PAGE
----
The recent announcement of a film starring Ranbir Kapoor, Anil Kapoor, Neetu Singh and Boney Kapoor would have been hailed as a casting coup a few years ago, grabbing headlines all over print and electronic media. As such, the announcement does not excite one. If it works and is justified in the film, then that is when it will make splashes in the media.
There are casting coups and then there are casting disasters. It is strange, but casting coup often goes unnoticed while a bad casting never does. What is more, it also spells a disaster for the film and there are quite a few examples to prove that.
I don’t remember a few casting coups as such. Yes, there were many films with perfect casting and, more often, those were possible when one considered the casting of a whole film. I would site BR Chopra’s film “Waqt” (1965) as one such example and the Yash Chopra-directed “Trishul” for another. Shashi Kapoor’s Shyam Benegal-directed “Kalyug” was another.
In such films casting is important because they have a lot of characters playing pivotal roles and together make the film engrossing. Films that can be added to the list are “Kohinoor”, “Humjoli”, “Sholay”, “Silsila”, “Tridev”, “Tezaab”, “Mother India”, “Padosan”, “Angoor”, “Deewana”, and “Darr”.
One banner that took the risk and succeeded most of the time was the Rajshri Productions. My memory of this banner’s films starts with “Dosti”. Two newcomers in the cast and a new pair of music composers. The production house continued this trend of casting new faces successfully in many films. Many films followed, with one to stay in mind being “Ankhiyon Ke Jharokhon Se”, “Maine Pyar Kiya” and “Hum Aapke Hain Koun…!”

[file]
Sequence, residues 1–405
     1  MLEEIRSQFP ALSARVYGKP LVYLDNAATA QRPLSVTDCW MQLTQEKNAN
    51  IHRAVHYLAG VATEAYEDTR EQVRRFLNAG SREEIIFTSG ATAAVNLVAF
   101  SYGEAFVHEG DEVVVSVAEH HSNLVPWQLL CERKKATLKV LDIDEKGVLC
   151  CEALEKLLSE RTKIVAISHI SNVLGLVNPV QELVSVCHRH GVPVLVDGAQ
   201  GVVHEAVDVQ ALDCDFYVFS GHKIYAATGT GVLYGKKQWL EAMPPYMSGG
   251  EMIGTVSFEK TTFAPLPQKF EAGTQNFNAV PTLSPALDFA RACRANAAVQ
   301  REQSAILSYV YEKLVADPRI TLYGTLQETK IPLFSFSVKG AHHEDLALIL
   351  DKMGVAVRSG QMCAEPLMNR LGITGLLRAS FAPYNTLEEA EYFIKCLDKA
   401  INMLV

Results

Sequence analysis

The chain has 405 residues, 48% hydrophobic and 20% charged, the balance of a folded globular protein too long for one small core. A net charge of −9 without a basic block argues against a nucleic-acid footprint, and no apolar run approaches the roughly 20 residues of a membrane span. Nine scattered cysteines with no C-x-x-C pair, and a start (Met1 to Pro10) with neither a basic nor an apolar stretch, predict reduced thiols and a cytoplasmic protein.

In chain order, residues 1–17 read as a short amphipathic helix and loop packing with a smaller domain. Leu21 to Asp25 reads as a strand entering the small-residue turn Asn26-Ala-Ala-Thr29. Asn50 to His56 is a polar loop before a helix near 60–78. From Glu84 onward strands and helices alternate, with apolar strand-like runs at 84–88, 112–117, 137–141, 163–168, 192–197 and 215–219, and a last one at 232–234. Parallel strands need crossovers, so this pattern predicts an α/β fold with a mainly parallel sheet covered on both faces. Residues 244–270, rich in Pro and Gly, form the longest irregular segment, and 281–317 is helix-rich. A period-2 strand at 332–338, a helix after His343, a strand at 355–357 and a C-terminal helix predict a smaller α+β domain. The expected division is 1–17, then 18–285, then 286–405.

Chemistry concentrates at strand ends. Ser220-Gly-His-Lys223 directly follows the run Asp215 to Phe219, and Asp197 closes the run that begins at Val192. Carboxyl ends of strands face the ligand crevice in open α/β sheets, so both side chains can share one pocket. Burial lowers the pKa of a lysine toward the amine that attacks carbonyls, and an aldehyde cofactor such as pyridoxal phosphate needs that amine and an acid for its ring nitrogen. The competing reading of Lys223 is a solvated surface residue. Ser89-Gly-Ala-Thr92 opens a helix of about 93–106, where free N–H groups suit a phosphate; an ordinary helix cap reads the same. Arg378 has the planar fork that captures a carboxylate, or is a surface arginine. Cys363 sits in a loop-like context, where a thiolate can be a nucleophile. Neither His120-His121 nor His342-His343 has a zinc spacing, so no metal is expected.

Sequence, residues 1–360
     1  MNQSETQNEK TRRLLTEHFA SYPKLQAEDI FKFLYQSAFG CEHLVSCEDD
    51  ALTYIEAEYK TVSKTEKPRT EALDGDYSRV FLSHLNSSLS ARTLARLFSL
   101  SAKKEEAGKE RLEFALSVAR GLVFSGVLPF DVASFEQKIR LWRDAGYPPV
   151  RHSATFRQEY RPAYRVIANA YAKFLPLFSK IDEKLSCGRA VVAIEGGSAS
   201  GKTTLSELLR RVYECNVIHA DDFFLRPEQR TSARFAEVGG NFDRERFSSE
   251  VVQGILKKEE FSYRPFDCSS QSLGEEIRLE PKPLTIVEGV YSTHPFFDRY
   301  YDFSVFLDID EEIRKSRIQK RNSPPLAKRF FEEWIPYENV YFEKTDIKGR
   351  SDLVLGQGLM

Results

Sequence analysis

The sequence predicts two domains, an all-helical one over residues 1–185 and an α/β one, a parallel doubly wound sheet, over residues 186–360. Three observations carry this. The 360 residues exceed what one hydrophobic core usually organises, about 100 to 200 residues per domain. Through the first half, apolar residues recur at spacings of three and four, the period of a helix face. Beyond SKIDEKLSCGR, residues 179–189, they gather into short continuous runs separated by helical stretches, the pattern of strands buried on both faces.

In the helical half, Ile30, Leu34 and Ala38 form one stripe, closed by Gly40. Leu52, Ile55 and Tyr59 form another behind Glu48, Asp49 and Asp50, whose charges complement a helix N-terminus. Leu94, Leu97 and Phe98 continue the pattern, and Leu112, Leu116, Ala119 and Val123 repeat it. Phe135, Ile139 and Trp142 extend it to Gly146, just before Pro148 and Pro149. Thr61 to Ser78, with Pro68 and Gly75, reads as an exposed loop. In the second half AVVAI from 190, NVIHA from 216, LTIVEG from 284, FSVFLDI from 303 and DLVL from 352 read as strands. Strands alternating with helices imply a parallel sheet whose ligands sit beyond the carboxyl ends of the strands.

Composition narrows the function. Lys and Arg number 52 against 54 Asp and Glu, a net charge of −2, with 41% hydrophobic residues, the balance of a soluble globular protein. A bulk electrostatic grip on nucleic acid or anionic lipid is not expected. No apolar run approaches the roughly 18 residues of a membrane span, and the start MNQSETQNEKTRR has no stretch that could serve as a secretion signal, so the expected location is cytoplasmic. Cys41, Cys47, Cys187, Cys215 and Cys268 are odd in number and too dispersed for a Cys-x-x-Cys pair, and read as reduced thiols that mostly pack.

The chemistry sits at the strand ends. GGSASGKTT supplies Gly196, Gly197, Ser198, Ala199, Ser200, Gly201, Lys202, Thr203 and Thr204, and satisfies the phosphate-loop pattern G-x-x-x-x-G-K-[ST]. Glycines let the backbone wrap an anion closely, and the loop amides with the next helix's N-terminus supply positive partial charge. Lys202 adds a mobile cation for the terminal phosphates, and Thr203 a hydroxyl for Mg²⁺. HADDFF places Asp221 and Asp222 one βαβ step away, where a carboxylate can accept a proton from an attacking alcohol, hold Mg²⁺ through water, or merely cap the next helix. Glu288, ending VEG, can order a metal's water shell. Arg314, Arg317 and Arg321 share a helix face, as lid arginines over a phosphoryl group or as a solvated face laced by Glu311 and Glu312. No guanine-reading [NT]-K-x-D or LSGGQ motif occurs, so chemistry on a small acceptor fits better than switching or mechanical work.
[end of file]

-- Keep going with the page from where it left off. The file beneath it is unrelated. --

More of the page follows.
Manmohan Desai’s “Amar Akbar Anthony” made the grade of a super casting because each character fitted the bill. Amitabh Bachchan carried his image forward despite playing a light comic role instead of the angry young man, Vinod Khanna played the tough cop while Rishi Kapoor played the loverboy. The rest of the cast of Pran, Jeevan, along with Parveen Babi, Neetu Singh and Shabana Azmi, completed the film’s apt casting.
Thereafter, Manmohan Desai started taking his audience for granted and counted only on his ace, Amitabh Bachchan, as he filled rest of the cast that did not quite make a perfect foil to Bachchan. After watching him with the likes of Zeenat Aman, Parveen Babi, Rekha and Rakhi, actors like Amrita Singh, Rati Agnihotri, and Meenakshi Seshadri as his love interests, and Goga Kapoor or Puneet Issar as the villain, were not quite anywhere near what the audience preferred. Not included “Zanjeer”, which established Amitabh Bachchan strongly because he was not the first choice for the role he played. Many top stars were approached for the film, with no takers.
Other makers followed the same line as Manmohan Desai and almost caused the downfall of Bachchan, were it not for the famous accident on the sets of “Coolie”, the film that helped sustain his acting career.
The one director who excelled in the casting of his films was Hrishikesh Mukerji. Who would think of the reigning romantic superstar, Rajesh Khanna, as a cook-cum-domestic help in “Bawarchi”, or as a poor mill worker in “Namak Haraam”! Or, for that matter, Dharmendra and Amitabh Bachchan in his subtle comedy, “Chupke Chupke”, which went on to become an evergreen hit. He has more such films to his credit.
Manoj Kumar was yet another filmmaker who would even go against a set image of an actor to cast him. The best example was the casting of actor Pran in “Shaheed”, based on the life and sacrifice of freedom fighter, Bhagat Singh. Pran carried such a negative image that nobody could imagine him playing a positive role and subscribe to patriotism. It was a cameo but Manoj Kumar is said to have insisted that he would not make “Shaheed” if Pran did not agree to the role conceived for him.